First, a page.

Charles and Caroline Todd, a mother-son team who write under the name Charles Todd, are the authors of the new mystery A Fine Summer's Day, the latest in their Ian Rutledge series. Their many other novels also include the Bess Crawford series. They live on the East Coast of the United States.
Q: How did you come up with your character Ian Rutledge?
A: When we decided to write about the Great War, we realized that our character had to be an Englishman rather than an American. The thinking was, since America was involved in the actual fighting for less than six months, we hadn’t suffered as Britain had done, we couldn’t “speak” for the period as clearly.
And we wanted several things from Rutledge himself. First a career that he could come home at the Yard, not the Met or county police, the intelligence and experience to solve crimes on his own without modern forensics, which were in their infancy then, and to be the kind of man who would fight his own battles with PTSD and struggle to deal with four years in the trenches.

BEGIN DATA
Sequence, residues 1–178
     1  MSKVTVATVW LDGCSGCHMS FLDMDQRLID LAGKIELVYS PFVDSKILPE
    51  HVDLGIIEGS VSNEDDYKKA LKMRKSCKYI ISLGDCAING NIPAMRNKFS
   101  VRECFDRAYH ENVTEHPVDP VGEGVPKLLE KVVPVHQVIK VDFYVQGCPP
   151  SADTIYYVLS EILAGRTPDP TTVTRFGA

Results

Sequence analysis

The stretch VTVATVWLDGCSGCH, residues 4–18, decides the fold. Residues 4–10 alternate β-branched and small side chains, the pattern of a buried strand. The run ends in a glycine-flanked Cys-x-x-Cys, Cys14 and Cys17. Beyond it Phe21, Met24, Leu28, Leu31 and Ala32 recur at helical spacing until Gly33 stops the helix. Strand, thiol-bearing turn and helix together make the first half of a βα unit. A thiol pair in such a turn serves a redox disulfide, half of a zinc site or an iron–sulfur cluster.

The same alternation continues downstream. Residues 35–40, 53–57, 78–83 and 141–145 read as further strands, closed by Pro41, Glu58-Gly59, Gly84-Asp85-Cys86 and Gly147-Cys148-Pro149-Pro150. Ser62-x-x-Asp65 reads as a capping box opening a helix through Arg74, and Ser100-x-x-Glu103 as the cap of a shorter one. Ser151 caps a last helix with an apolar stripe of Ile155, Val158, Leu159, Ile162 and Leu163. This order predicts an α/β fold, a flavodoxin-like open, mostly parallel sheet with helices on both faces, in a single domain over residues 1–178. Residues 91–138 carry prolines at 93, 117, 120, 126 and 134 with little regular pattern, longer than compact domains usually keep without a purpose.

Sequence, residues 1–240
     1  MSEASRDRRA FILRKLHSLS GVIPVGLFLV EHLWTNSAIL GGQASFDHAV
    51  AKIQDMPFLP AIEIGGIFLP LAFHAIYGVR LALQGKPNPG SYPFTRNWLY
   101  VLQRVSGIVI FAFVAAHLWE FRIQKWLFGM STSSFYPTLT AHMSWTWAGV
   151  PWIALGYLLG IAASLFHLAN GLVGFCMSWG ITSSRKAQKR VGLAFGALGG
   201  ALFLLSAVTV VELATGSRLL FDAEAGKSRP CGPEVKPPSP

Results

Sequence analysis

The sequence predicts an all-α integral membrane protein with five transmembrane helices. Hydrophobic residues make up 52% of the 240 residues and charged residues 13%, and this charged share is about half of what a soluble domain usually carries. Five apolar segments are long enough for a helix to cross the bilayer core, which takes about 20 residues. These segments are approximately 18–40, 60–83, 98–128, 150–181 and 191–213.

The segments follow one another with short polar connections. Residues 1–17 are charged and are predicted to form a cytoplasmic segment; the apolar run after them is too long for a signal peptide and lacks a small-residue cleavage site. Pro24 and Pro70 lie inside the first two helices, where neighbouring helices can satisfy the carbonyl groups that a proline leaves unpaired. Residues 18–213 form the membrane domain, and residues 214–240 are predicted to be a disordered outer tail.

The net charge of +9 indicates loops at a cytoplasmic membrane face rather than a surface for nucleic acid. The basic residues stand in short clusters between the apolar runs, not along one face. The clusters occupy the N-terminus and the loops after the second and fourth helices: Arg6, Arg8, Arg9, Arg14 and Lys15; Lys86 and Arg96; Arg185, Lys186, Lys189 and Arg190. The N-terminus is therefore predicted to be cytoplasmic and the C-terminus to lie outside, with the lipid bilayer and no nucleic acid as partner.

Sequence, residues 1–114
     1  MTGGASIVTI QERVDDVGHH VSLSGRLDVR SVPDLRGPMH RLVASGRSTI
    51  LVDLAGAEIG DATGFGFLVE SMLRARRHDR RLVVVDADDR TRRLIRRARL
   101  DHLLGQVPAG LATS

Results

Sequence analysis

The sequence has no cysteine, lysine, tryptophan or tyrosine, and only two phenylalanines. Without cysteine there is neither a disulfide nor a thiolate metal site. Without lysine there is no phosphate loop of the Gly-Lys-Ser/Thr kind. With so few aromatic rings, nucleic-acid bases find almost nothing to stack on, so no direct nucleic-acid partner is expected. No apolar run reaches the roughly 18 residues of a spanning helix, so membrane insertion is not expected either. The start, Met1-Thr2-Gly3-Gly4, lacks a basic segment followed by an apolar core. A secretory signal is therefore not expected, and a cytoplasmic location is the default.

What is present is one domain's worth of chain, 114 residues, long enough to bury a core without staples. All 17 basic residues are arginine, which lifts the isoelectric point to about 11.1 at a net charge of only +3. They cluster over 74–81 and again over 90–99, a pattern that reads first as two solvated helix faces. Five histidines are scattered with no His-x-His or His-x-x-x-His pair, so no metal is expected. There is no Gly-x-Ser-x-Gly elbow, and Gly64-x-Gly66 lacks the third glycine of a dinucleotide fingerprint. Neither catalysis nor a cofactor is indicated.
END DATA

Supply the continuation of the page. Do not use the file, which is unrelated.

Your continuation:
He must speak too for all those who had gone to France in hope of fame and glory, and speak as well for those who had not come home. And the person who came into being has more than fulfilled our expectations of him—he’s someone we’ve come to care about quite deeply.
Q: Why did you decide to set the new mystery, A Fine Summer's Day, in 1914?
A: We’d written sixteen books about Rutledge the man who had survived the Great War and come home to a very different world in 1919. And we were increasingly curious about what he might have been like in 1914 before the war cast a shadow over Britain and Europe.
We thought we knew how the war had changed him, but as we wrote this prequel, exploring the man and his times, we were often surprised by what we didn’t know we knew about him! It will be interesting to see how Rutledge fans take this book, but for us it was an experience and a challenge.